© The Financial Times Ltd 2014 FT and 'Financial Times' are trademarks of The Financial Times Ltd.
Last updated: May 15, 2012 5:39 pm
On the way in, an orange paper bracelet was attached to the FT’s wrist to prove that your correspondent was over 18: an unnecessary precaution, I’m afraid to say. Evidently licensing laws prohibited an influx of Fun’s new constituency of fans – the teens who have flocked to the New York band’s anthem “We Are Young”. It’s the year’s best-selling single in the US, shifting more than 4m copies. Now it’s a UK top 10 hit too.
I should point out at this stage that they’re actually called fun., with the lower case ‘f’ and the full stop. What an irritating, newspaper-unfriendly name. As we’re all over 18 let’s make a grown-up decision to ignore it. For our purposes they shall be Fun. And tonight they were indeed fun.
Other bands riding high on a breakthrough hit might have looked askance at being required to play a tiny basement venue on a dismal Monday evening in a chilly foreign city. But the trio – supplemented live by three extra musicians – radiated a wholly convincing exuberance.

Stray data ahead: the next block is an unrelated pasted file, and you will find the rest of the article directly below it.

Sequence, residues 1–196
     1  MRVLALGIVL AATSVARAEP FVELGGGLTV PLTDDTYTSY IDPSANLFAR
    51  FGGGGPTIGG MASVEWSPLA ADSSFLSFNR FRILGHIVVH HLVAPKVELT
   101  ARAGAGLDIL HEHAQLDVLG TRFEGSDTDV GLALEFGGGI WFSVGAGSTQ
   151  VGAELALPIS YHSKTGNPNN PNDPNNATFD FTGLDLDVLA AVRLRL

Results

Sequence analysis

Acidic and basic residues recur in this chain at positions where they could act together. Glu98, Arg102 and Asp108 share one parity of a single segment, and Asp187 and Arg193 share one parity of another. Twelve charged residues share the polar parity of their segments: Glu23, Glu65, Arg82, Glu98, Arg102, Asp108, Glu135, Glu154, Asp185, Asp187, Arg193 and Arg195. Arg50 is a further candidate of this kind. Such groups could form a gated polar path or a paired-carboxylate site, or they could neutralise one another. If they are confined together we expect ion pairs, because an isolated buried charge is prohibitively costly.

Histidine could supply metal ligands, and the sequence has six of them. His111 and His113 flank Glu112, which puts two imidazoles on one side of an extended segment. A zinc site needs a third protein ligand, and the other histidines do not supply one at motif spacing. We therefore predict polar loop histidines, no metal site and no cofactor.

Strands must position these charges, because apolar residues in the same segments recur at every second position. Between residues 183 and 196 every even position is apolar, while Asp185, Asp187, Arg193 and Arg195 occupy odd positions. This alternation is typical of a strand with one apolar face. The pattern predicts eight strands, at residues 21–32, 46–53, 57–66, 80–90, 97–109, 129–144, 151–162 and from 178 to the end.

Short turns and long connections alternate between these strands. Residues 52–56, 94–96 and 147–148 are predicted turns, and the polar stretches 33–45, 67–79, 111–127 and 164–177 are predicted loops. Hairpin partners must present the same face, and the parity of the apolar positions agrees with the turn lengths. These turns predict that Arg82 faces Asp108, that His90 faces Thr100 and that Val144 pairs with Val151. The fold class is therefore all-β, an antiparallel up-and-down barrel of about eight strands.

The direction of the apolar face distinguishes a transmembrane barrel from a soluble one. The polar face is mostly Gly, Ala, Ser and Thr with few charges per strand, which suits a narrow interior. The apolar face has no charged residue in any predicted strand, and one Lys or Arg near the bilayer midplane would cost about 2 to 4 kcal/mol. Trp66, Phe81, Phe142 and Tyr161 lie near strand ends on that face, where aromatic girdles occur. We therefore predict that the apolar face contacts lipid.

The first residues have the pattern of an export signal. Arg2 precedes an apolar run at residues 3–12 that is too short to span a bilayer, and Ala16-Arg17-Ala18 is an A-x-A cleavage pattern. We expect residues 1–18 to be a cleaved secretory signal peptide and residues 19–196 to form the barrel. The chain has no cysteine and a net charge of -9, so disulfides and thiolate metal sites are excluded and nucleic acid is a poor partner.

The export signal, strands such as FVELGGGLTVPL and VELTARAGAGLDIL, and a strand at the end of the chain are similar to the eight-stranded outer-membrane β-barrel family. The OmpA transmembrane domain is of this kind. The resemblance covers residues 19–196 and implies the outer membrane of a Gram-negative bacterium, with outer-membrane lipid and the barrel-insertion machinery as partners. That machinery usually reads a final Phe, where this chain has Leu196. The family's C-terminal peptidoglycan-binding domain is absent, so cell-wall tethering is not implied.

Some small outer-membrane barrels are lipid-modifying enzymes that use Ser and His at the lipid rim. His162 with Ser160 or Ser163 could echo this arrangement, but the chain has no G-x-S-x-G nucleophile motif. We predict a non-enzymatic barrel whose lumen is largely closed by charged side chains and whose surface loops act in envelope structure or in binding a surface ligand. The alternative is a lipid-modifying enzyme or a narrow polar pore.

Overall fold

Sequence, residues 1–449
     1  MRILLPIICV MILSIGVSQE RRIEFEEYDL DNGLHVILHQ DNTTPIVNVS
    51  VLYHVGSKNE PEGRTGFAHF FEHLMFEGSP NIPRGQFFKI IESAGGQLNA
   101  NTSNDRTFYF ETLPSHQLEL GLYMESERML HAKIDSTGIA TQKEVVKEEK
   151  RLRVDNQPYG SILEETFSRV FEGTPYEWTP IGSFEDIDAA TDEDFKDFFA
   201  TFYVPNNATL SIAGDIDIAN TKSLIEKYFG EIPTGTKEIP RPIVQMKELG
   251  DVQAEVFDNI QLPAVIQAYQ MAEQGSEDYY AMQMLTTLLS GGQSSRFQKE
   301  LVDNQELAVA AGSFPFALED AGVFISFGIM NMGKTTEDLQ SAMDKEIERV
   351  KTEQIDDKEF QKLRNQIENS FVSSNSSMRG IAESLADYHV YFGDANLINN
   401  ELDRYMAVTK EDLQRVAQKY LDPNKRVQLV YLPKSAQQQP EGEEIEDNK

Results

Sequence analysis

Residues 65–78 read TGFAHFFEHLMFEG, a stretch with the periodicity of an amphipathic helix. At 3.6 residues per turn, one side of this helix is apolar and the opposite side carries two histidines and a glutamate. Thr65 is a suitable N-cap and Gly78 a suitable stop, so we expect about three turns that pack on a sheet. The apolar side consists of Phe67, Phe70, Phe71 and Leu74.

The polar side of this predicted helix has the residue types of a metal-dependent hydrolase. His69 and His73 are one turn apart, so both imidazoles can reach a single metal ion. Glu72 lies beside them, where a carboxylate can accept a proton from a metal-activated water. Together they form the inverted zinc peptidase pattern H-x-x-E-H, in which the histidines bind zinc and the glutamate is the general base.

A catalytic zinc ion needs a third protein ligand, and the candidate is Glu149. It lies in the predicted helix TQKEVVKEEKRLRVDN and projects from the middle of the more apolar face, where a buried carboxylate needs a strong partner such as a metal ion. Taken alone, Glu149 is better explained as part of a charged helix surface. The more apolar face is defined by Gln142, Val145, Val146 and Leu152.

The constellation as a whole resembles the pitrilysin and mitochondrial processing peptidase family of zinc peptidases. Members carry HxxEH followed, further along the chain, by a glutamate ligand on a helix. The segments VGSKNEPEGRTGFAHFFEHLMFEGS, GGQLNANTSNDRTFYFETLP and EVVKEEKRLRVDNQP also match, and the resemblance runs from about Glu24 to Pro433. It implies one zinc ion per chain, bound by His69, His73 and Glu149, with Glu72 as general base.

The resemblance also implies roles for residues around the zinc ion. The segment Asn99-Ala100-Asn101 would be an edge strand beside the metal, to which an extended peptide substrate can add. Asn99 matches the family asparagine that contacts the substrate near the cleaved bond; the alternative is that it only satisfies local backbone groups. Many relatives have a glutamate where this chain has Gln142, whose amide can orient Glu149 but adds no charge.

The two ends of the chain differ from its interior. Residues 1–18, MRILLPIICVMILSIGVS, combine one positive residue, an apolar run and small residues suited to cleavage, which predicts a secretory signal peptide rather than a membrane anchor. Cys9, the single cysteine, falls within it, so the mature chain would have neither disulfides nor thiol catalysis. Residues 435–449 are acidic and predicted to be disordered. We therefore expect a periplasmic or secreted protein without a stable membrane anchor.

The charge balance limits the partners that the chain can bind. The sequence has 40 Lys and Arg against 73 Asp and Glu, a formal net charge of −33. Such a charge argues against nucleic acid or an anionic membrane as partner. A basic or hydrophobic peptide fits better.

Their frontman Nate Ruess bounced around the stage and threw himself at the songs as if singing were a contact sport. The music was similarly energetic, matching Ruess’s vibrant vocals with brash rhythms. “All the Pretty Girls”, from 2010’s Aim & Ignite, sounded like the cast of Glee impersonating Queen. “Some Nights”, the title track of their new album, clattered by with tribal drums, stadium-friendly chants, an urgent guitar solo and Auto-Tuned singing.
The band negotiated these busy themes expertly. They’re not fresh-faced teens themselves (Ruess is 30), and they clearly know their way around a song. There was however a tendency towards overkill, summed up by the way “We Are Young” lurched from wistful lyrics about an ambiguously poised relationship into battering platitudes about youth.
Final number “Take Your Time (Coming Home)” was a tumbling mass of piano and guitars, like caffeinated Elton John. Ruess sang it wrapped in a Union Jack flag he plucked from the audience. The cramped space suddenly seemed like the vestibule to a more capacious venue. I suspect it won’t be long before Fun are faced by ranks of teens bellowing along to “We Are Young”.
Copyright The Financial Times Limited 2014. You may share using our article tools.
Please don't cut articles from FT.com and redistribute by email or post to the web.